Rumours on the Internets

June 30, 2008 on 8:32 pm by Michael Grey | In Stories, Whinges | Comments Off on Rumours on the Internets

You don’t have to be very old to remember the world before the Internet.  I think my first foray was around 1996 using a workplace account (for business purposes only, of course).  I imagine there’ll be loads of people in their late 20s who remember, even a little, a pre-Internet world. 

In the “piping world” today the ‘rid raw’ truth of the game is out there, front row centre, and almost immediately after it’s happened and has become an “Internet truth”.  Youtube, forums, web sites, email, text messaging, Blackberrys, have connected us all – or all those interested in being connected (and that’s a lot of us).  It has to be acknowledged, too, that for pipers and drummers, Andrew Berthoff’s web efforts have always been at the forefront.

I was talking to a friend of mine the other day, Eddie Gorman [I think the last still-competition-active member of Bob Hardie’s iconic “Muirheads & Sons Pipe Band“].  I had swung by his band’s practice, Peter Aumonier’s excellent Hamilton Police Pipe Band, just down the road from where I live, for a listen.  We got to talking about the impact the Internet has had on the dynamics of the piping world. 

“It’s taken all the mystery away”, he said.     

He’s right, I think.

Within moments of an event’s completion we now know competition results, judges, their officially detailed opinion, scandal, weather and and how many aunties and grannies in attendance – and more.  We have the punter’s anonymous opinion, often unhelpful (to put it mildly), from what I have seen, and a general explosion of instantaneous, sometimes painful, blab.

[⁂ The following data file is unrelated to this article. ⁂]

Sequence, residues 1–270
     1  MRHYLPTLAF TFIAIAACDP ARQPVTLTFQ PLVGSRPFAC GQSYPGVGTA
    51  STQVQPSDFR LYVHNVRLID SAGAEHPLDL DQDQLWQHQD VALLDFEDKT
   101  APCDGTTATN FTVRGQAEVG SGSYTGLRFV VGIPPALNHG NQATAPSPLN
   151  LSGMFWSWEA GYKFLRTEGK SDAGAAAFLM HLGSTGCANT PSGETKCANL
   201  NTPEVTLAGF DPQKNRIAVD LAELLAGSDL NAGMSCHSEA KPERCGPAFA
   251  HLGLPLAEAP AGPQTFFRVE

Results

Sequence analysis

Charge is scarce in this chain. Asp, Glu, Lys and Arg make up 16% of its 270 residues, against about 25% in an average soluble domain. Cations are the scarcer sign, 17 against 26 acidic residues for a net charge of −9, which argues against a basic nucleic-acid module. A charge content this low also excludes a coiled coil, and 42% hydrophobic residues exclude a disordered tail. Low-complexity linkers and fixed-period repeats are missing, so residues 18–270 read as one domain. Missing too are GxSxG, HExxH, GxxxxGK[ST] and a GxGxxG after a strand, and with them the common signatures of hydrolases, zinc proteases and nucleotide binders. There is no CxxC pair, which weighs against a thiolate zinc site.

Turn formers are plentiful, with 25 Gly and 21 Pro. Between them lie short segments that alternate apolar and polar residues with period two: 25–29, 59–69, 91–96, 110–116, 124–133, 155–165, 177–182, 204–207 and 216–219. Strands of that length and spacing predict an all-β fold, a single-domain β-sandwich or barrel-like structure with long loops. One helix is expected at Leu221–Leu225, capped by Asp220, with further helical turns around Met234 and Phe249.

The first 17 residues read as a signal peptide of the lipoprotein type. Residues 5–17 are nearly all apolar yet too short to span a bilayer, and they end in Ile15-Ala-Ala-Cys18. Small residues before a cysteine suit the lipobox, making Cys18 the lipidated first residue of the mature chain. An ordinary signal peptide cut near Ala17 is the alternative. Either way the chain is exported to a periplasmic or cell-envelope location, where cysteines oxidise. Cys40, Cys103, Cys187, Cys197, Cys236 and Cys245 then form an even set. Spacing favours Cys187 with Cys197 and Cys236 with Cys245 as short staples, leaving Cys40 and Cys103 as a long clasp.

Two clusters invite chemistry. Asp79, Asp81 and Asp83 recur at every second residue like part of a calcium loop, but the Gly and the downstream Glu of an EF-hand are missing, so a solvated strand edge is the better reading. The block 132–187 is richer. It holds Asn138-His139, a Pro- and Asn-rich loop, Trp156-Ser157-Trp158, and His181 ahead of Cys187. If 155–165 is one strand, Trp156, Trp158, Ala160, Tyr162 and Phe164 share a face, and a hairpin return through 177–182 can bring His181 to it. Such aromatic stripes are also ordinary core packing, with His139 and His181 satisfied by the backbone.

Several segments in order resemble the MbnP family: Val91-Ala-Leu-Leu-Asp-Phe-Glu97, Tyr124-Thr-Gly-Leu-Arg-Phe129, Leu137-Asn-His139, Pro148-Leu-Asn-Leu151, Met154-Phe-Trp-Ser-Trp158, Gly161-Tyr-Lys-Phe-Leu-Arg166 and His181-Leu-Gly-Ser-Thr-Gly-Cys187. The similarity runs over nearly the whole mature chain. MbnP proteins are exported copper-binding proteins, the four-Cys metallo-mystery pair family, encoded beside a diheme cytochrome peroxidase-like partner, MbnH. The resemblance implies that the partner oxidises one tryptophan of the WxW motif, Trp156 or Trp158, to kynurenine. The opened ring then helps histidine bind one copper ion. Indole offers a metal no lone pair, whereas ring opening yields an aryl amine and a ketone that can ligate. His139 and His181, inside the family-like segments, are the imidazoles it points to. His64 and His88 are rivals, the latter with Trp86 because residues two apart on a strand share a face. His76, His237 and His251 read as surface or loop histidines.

It wasn’t so long ago Barry Ewen’s East Kilbride-based mum would record BBC Scotland’s Pipeline on a cassette recorder.  She’d dutifully pop the cassette in a padded envelope, trot off to the post office, and send to Barry in Ontario.  He’d then pass the recording on to others in the band (if we were lucky) and  we’d all – more or less – pronounce the performances pish – whether we meant it or not – and on we’d go.  Like pipers and drummers have always done.  The difference then comments were made long after a performance, kept within the band and hung in the air only long enough to be said and heard.   

I’m with Eddie.  I miss some of that mystery:  “I hear Shotts is playing 29 sides” … not so long ago who would know until someone local saw and heard them live?

That aside, I think the Internet has made pipe bands and piping a better place: we’re more in tune with each other, we know each other a bit better and because of that, have a little more empathy for each other’s struggles.

If we could only do away with anonymous, timorous Internet opinion.  A blog for another day.


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